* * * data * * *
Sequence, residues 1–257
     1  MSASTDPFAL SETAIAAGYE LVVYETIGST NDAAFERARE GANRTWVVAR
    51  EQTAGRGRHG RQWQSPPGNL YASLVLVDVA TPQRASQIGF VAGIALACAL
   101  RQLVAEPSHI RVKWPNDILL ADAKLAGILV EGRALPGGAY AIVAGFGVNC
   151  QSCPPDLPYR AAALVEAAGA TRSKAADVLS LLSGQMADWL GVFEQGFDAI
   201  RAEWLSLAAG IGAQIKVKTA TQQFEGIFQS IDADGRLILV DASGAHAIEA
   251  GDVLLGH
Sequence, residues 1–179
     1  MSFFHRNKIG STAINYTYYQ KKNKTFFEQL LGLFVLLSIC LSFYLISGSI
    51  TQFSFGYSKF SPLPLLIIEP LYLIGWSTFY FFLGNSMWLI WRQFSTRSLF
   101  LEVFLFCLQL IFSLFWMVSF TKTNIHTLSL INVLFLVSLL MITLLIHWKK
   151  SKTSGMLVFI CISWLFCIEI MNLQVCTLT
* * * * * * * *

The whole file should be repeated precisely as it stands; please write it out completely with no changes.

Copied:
Sequence, residues 1–257
     1  MSASTDPFAL SETAIAAGYE LVVYETIGST NDAAFERARE GANRTWVVAR
    51  EQTAGRGRHG RQWQSPPGNL YASLVLVDVA TPQRASQIGF VAGIALACAL
   101  RQLVAEPSHI RVKWPNDILL ADAKLAGILV EGRALPGGAY AIVAGFGVNC
   151  QSCPPDLPYR AAALVEAAGA TRSKAADVLS LLSGQMADWL GVFEQGFDAI
   201  RAEWLSLAAG IGAQIKVKTA TQQFEGIFQS IDADGRLILV DASGAHAIEA
   251  GDVLLGH
Sequence, residues 1–179
     1  MSFFHRNKIG STAINYTYYQ KKNKTFFEQL LGLFVLLSIC LSFYLISGSI
    51  TQFSFGYSKF SPLPLLIIEP LYLIGWSTFY FFLGNSMWLI WRQFSTRSLF
   101  LEVFLFCLQL IFSLFWMVSF TKTNIHTLSL INVLFLVSLL MITLLIHWKK
   151  SKTSGMLVFI CISWLFCIEI MNLQVCTLT